Tag Archives: teaching

Seven Reasons Why I Hate Graded Observations

This week is the dreaded observations week in the English and Maths department. Everyone hates observation week. Here’s why.

1. It’s so stressful! We find out on Monday morning that we will be observed at some point during the following week. This means we are in a state of anxiety for at least a week and possibly two weeks. I teach about twenty lessons a week and I could be observed in any of them. My anxiety levels rise just before the start of each lesson and then I relax again when it becomes clear that it won’t be this lesson.

2. It literally gives me nightmares; a few nights ago I dreamt I was in a huge open plan classroom with teachers and students all over the room, tucked away in corners and behind curtains, and I didn’t know who I was supposed to be teaching or what I was supposed to be teaching them.

3. It’s so subjective. We don’t know who is going to observe us until they turn up at the classroom door. It could be a subject leader or head of department from any department in the college. Although in theory they are all using the same criteria, there is bound to be subjectivity. Will they even know what an outstanding maths lesson looks like?

4. The outcome affects our pay. If I don’t get a grade 1 or 2, I won’t go up a point on the pay scale this year. That seems unfair when I might be observed with a lovely, compliant, enthusiastic class or it might be a group of unruly reluctant learners. (Thankfully I taught my big group of boisterous rugby boys today and I wasn’t observed!)

5. It wastes so much paper. Normally my lesson plans are kept digitally, but in observation week they must be printed out to give to the observer along with a scheme of work, class profiles and other paperwork.

6. It wastes so much time. Teachers spend hours writing lesson plans in minute detail, remembering to indicate where they have embedded English, maths, Equality & Diversity and now also British Values.

7. It does nothing to improve learning or teaching. Even a bad teacher can pull it out of the bag for one week and then go back to teaching badly the following week. And good teachers teach well whether or not they are observed once a year. There are better ways of improving teaching than stressing teachers out for a week.

So wish me luck. It is Tuesday evening now and I haven’t been observed yet but it will happen at some point over the next three days.

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Four Christmas Maths Activities

Here are some Christmas maths ideas for all of you who are maths teachers or who just like doing maths.

  1. This picture shows two Christmas tree shapes. The first shape has eleven corners. How many corners does the second shape have? How many corners would the 11th shape have? Can you write an expression for the number of corners on the nth shape? Would there be a shape with 100 corners?P1090213
  2. Santa is buying clothes for his elves. He has trousers, jackets and hats in red, blue and green. He wants all the elves to be different. How many combinations of the three items of clothing can he make with the three colours? (They can have two or three items the same colour.) What about if he had some yellow clothes too? Elf Clip Art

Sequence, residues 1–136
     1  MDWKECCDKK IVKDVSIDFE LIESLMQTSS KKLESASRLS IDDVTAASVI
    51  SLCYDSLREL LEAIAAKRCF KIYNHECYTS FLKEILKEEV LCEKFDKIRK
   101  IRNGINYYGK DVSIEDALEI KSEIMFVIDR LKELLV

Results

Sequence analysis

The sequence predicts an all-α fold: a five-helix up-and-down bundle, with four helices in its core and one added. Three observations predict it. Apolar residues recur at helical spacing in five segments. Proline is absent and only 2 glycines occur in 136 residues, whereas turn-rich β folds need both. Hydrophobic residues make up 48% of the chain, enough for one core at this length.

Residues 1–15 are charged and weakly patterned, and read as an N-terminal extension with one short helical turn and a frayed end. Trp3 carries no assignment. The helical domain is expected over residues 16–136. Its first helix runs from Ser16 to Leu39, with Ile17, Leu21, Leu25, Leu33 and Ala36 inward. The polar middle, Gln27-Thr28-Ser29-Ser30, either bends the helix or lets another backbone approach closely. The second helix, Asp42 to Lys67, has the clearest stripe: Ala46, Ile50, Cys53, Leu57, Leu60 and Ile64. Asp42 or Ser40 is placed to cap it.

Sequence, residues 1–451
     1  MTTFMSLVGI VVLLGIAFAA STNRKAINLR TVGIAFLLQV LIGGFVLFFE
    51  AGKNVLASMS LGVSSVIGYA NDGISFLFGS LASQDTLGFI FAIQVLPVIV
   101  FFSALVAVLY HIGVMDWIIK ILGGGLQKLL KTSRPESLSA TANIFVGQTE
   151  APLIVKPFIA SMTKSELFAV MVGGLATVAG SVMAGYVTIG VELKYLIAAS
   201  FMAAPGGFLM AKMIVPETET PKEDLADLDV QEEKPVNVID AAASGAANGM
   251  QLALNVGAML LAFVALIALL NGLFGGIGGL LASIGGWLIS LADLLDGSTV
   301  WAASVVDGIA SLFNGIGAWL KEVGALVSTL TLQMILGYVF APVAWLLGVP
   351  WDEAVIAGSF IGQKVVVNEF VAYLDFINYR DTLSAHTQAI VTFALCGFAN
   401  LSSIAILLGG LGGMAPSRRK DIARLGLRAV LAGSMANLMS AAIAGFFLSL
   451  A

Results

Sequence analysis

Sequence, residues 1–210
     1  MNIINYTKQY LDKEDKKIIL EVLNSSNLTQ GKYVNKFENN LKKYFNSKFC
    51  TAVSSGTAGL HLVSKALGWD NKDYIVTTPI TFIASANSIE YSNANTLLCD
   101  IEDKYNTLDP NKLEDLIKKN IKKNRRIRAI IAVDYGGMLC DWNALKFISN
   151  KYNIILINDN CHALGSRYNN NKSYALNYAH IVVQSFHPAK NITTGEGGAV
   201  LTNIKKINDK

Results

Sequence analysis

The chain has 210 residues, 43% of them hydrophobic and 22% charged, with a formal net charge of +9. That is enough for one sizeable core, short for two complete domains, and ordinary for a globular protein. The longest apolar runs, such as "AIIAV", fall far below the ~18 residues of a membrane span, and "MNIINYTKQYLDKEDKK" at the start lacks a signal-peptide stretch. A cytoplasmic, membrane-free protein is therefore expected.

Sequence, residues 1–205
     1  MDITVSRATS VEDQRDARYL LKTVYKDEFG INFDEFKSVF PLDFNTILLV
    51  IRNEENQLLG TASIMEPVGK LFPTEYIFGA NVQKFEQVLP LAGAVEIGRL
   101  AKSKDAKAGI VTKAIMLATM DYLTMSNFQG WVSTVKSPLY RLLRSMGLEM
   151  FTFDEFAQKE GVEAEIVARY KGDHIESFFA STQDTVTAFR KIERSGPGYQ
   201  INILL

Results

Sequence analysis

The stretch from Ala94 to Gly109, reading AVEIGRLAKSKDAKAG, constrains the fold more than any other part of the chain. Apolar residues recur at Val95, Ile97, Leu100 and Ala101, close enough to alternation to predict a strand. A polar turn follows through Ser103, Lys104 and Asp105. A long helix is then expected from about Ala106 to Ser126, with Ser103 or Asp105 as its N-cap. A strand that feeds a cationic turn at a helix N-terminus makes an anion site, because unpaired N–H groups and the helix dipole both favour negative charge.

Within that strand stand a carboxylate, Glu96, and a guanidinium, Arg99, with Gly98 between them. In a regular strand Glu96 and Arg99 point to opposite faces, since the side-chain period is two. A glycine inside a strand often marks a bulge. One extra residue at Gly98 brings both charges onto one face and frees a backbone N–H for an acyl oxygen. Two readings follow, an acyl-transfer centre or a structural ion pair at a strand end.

3. There are approximately two billion children in the world. If Santa has to give each child a present in 24 hours, how many presents does he need to deliver each second?
  4. My friend collects toy cars. They come in cube shaped boxes with length y cm. I have bought her 32 of them for Christmas and I want to wrap them. What will the surface area be, in terms of y, if I wrap them individually? I could wrap them all together in a cuboid shape to save wrapping paper. How many different ways can I put 32 cubes together to make a cuboid? Which way would give me the smallest surface area? What would the surface area be?

 

Six Things that Maths Teachers in Shanghai Do

Teaching for Mastery

I was privileged today to observe a maths teacher from Shanghai teach a maths lesson to a year 7 class in Cheltenham. This was organised by the GLOW Maths Hub for teachers from Gloucestershire, Oxfordshire and Worcestershire. After the lesson we talked about some of the differences and similarities between maths teaching in Shanghai and the UK.

  1. The answer is only the beginning. In Shanghai, maths teachers put more emphasis on how a student arrived at the answer, rather than the answer itself. Students are encouraged to discuss and explain their reasoning and their methods, thus deepening their understanding and clarifying their ideas.
  2. Variation in examples and representations are used – pictures, numbers, diagrams, and symbols.
  3. Mistakes are encouraged. “Mistakes are good for us,” says the teacher, “because we can notice something and avoid doing it again.”
  4. Homework is set every day to practise and consolidate learning. Because this is done every day at home, it means that all the time in the lesson is used to introduce, discuss and explore the ideas rather than for mechanical repetition.
  5. Teachers introduce “wrinkles and confusion” into their lessons – deliberate mistakes which address common misconceptions and explore the students’ understanding.
  6. Key ideas and rules are repeated and recited by the whole class. “Keep the denominators the same and add the numerators,” they chant.

For more information about the work of maths hubs click here.